by Kevin Daley
The petition does not address the merits of the dispute. Rather, it asks the justices to limit the scope of the ruling, which applies across the entire country. The Department of Justice argues the order should be confined to Chicago, the city at issue in the litigation.
“The injunction issued in this case reflects the increasingly prevalent trend of entering categorical, absent-party injunctions that bar any enforcement of federal laws or policies against any person,” the petition reads. “Such injunctions frustrate development of the law, effectively freezing in place the first ruling adverse to the government unless and until appellate courts intervene.”
Sessions has been intensely critical of the so-called “cosmic injunction” through which judges effectively strike down federal laws by issuing remedies reaching every conceivable plaintiff.
“I really am amazed that a judge sitting on an island in the Pacific can issue an order that stops the president of the United States from what appears to be clearly his statutory and constitutional power,” Sessions told conservative radio host Mark Levin after U.S. District Judge Derrick Watson of the federal trial court in Honolulu issued a nationwide order forbidding enforcement of President Donald Trump’s travel ban.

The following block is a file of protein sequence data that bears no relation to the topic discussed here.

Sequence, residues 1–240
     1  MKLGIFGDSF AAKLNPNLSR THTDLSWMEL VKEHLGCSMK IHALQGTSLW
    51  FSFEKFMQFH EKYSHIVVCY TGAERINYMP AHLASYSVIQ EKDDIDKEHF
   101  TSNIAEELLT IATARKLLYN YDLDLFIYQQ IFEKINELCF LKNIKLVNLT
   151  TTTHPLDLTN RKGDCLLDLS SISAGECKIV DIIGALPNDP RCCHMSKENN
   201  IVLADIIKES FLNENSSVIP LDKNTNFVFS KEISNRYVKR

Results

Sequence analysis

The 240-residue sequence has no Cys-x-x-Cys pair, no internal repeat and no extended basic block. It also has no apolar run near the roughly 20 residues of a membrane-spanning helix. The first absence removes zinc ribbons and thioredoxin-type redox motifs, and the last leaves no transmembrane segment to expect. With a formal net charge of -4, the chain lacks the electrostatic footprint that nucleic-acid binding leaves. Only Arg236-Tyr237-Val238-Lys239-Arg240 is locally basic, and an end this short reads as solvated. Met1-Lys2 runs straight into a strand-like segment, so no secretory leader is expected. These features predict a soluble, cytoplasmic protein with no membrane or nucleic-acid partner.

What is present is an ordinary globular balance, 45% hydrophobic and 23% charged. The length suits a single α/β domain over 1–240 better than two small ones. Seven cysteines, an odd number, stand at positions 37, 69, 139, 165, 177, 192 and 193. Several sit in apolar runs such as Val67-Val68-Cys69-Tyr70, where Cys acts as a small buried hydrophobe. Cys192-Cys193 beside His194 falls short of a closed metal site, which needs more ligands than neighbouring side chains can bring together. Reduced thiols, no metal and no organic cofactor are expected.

The case was occasioned in July 2017 when Sessions issued an order requiring all recipients of the Edward Byrne Memorial Justice Assistance Grant to comply with federal laws mandating information-sharing with immigration officials. The order also requires recipient jurisdictions to grant federal officers access to their jails and notify the U.S. Department of Homeland Security 48 hours before individuals suspected of immigration violations are released from custody.
A number of so-called sanctuary cities challenged the order in federal courts. In September 2017, U.S. District Court Judge Harry Leinenweber entered a nationwide injunction against the government, prohibiting Sessions from implementing the policy. The 7th U.S. Circuit Court of Appeals affirmed Leinenweber’s decision.
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